MALAYSIA Tanah Tumpah Darahku



10 APRIL 2024

Wednesday, June 30, 2021

Ask and you shall receive. Raise the white flag

I must have written about mental depression and helping the poor and needy on several occasions in my columns.

Like it or not, I know I have to keep on cajoling, knocking and reminding my fellow Malaysians that this war against Covid-19 will be a tough one going long haul. For how long – only God knows!

This battle can only be won if we stand united as one nation and people, setting aside our communal and political differences. There is only one common enemy now – the invisible and lethal Covid-19.

This also means, and very importantly, that those of us who are more blessed will have to ensure that the very basic needs like food, clothing and shelter of the underprivileged in our community are also attended to.

I am thankful to be of some help in little acts of charity organised under the auspices of the Movement for Change, Sarawak (MoCS), the NGO that I lead.

Together with some dear friends in Sarawak, I’m proud to say that since we started our welfare work last September, we have not turned down a single request for help.

We did not let down any of the needy who came our way over the past nine months. We will always give something, even RM100 or RM150. (Let me relate later what a mere RM150 means to a single mother with four kids.)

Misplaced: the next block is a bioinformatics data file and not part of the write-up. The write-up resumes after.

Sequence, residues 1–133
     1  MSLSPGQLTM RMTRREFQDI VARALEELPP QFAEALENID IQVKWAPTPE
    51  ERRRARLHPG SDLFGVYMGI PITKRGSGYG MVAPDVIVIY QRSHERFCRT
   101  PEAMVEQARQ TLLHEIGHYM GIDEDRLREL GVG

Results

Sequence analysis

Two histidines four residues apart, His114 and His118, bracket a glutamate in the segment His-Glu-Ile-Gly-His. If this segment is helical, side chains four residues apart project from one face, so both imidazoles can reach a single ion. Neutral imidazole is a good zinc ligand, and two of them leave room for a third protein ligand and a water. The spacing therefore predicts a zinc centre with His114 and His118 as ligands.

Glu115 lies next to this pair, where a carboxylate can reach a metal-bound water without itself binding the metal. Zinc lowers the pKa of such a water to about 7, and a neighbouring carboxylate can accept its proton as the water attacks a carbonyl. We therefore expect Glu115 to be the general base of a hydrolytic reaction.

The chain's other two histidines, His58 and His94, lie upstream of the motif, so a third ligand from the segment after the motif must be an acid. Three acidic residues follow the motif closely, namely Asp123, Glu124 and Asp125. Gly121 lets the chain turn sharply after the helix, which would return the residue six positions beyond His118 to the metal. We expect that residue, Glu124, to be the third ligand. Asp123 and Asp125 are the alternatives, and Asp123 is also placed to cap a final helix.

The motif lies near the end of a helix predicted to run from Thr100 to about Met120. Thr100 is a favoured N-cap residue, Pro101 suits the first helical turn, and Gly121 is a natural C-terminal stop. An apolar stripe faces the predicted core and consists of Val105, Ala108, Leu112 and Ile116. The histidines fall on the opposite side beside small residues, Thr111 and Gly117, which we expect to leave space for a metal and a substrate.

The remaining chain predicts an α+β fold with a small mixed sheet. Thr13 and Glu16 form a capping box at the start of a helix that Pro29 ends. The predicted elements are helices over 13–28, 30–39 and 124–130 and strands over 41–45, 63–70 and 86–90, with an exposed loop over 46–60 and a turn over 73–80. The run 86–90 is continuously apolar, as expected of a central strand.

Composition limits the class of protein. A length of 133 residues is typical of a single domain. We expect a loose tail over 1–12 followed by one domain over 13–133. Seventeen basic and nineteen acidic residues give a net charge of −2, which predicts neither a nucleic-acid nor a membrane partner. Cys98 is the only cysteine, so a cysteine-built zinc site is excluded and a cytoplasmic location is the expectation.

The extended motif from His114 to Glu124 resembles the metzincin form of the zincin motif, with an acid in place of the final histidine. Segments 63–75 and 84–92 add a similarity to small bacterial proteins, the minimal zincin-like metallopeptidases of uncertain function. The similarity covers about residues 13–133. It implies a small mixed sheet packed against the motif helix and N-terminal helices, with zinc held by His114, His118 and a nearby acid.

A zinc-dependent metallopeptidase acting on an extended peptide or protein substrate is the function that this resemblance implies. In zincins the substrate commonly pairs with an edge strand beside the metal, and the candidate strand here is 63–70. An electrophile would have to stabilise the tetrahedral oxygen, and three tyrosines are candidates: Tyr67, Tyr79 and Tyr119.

Step forward, all who can extend a helping hand

This is not to sing praises for my NGO but to encourage everyone who is able to extend a helping hand to step forward.

At the same time, I wish to tell all those who are suffering and in great pain during this pandemic to open up and ask for help. You are not alone. There is help available, but you have to ask. Do not isolate yourself and suffer alone.

Food aid for the poor - File picture.

Let me share my thoughts this past week on charity which I wrote to some friends in Sarawak: “I have to salute those who soldier on earnestly and tirelessly to support the needy, despite facing challenges themselves as well. Some friends in Sarawak and in Kuala Lumpur are facing the same predicament.

“I am also aware that there are people who would normally help others but possibly need help themselves now. Only that they are too proud to step forward.

“Why? There is the ego, dignity and pride to consider. Oh, ‘face’ is so important.

“Why is it that when we are hard up, broken and down, and dirt poor, we are ashamed to let others know we are in such dire straits? What is wrong with our societal norms these days?

“I believe many choose to suffer in silence for varied reasons. If it drags on, depression will set in.

“What that drags on, there is only one likely route to take – suicide.

“It has been said that ‘the greatest folly of a man is his ego’. And I must add ego will kill you too.”

Suicide cases are mounting...

I am sure many of us are very concerned about the mounting suicide cases in our country.

There was an average of four suicide cases every day for the first three months of the year, with 336 cases reported to police.